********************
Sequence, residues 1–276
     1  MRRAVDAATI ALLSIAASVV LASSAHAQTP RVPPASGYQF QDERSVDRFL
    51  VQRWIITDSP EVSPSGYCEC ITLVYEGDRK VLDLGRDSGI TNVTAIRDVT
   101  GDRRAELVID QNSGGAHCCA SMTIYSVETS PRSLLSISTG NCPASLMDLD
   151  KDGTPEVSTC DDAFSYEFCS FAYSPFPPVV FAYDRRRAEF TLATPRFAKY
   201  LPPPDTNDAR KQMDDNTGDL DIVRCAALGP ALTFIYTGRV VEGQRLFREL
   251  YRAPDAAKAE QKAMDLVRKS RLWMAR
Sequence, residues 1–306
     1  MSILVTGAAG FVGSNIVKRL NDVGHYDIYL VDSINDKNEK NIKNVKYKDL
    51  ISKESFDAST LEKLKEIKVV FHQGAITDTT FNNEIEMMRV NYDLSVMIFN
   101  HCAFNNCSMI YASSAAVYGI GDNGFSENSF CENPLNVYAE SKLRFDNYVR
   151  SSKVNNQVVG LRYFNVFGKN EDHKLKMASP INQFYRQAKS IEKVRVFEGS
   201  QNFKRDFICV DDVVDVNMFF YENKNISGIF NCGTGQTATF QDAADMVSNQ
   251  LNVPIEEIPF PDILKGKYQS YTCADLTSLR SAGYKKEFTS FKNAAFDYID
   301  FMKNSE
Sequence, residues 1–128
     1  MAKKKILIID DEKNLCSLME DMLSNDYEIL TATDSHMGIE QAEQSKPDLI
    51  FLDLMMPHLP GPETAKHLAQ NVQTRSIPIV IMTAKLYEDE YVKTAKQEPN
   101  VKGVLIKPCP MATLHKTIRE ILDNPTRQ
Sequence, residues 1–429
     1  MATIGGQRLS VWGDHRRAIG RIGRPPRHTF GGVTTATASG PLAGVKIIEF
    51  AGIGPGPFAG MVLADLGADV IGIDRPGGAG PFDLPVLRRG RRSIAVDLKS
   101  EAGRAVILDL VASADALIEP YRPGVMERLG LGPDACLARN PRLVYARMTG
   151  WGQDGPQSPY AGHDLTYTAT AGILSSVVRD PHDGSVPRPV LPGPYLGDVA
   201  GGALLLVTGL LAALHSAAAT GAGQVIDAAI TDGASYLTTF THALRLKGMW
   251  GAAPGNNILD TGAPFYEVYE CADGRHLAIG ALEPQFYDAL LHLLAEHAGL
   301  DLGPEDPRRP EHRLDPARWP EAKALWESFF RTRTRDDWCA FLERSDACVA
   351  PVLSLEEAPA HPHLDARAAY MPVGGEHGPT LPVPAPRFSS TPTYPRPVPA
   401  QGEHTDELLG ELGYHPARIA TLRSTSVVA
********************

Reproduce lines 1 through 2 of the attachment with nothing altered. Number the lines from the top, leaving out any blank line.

Sequence, residues 1–276
     1  MRRAVDAATI ALLSIAASVV LASSAHAQTP RVPPASGYQF QDERSVDRFL